This is the new Splinter Cell, subtitled Blacklist. What's the sale here in the new trailer for the 2013 console and PC game? The ability to play as an American agent who can do whatever the hell he wants. "Completely off the books, no prosecution," the President promises.
Our playable hero, Sam Fisher, is down. He's using this "fifth freedom" to hunt the terrorists.
The trailer sure is begging for Fisher to bust out some waterboarding. It's slamming its fist on the America-unleashed-to-kill-Middle-Eastern-enemies button.
Is this the whole game? Or is there another shoe that needs to drop?
Here's Jade Raymond, head of the Ubisoft studio that is making Blacklist in an interview with me this past March:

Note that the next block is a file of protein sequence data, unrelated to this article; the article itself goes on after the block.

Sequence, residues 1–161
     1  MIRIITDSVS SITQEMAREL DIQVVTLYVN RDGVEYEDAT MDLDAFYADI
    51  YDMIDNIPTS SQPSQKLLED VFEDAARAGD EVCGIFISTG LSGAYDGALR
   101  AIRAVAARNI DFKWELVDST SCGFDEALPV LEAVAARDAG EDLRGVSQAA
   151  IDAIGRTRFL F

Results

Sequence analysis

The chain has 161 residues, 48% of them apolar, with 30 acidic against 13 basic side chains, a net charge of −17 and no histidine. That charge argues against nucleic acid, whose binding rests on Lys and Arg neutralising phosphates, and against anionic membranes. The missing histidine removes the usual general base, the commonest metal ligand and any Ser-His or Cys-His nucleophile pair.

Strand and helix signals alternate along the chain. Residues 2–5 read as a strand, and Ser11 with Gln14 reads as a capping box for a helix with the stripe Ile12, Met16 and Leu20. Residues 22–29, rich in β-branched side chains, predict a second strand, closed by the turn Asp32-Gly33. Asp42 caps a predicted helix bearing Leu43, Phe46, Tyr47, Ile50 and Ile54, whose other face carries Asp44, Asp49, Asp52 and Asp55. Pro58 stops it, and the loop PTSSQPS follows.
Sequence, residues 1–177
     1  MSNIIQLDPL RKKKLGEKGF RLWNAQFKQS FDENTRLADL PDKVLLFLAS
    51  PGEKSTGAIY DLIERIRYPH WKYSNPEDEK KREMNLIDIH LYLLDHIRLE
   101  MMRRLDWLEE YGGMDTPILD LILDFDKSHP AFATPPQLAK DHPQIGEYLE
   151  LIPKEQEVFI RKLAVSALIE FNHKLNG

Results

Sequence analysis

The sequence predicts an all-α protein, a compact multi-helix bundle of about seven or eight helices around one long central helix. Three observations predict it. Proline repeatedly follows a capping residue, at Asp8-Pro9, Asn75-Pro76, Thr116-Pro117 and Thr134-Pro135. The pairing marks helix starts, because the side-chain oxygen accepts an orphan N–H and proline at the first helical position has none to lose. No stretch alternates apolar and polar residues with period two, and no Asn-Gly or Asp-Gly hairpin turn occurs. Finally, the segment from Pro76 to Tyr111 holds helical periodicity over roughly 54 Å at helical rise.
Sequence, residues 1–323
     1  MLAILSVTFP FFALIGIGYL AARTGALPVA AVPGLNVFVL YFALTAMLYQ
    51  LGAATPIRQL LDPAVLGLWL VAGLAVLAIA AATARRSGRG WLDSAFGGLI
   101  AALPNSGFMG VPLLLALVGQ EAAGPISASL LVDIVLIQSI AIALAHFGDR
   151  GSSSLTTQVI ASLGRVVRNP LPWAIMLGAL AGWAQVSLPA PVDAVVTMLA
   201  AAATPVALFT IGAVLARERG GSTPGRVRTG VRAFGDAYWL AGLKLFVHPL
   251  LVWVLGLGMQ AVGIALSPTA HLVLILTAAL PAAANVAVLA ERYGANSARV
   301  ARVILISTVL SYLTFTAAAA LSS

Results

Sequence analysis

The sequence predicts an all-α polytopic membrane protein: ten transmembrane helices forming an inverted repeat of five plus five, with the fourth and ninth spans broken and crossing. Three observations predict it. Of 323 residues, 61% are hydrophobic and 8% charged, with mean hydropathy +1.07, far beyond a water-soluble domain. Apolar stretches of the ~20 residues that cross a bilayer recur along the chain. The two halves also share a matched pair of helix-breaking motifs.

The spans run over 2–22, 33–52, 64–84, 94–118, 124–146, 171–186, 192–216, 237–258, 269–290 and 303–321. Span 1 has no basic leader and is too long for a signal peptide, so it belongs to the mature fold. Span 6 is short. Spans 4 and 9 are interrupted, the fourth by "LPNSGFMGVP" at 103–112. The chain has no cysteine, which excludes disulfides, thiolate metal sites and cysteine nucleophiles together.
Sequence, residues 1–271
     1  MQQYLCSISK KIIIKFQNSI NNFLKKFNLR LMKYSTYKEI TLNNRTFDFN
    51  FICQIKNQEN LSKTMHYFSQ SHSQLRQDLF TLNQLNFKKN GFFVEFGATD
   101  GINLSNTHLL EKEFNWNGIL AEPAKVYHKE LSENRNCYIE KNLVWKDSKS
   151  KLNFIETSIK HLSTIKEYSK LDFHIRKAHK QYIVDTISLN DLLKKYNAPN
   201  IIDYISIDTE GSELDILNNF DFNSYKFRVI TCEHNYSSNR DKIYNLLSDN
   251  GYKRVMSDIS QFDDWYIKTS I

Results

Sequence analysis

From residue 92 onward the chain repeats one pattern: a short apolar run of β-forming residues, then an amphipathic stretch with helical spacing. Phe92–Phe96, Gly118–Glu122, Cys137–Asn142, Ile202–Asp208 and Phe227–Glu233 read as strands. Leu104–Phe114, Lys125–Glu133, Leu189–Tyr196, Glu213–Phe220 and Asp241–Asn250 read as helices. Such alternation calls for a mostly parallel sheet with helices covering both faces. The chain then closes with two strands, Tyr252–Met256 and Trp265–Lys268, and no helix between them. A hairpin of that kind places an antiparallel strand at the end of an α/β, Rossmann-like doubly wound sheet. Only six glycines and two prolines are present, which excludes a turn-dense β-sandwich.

"I think we need to push a bit harder," she said. "I think it's possible to have something that's entertainment and full of wow and explosions and has a bit more depth for those who care to pay more attention to that. I think we can deliver those things in a way that the people who don't care won't notice."
If Splinter Cell: Blacklist does indeed have a tone other than, Team America, F-Yeah!, Ubisoft's trailer-makers and marketers are doing a fine job hiding it. About as good a job as they are with the Revolutionary War-era Assassin's Creed III, which is also supposed to be something other than some USA flag-waving fist-pumping slice of Apple Pie, despite everything that Ubi marketing has decided to show to its prospective American customers.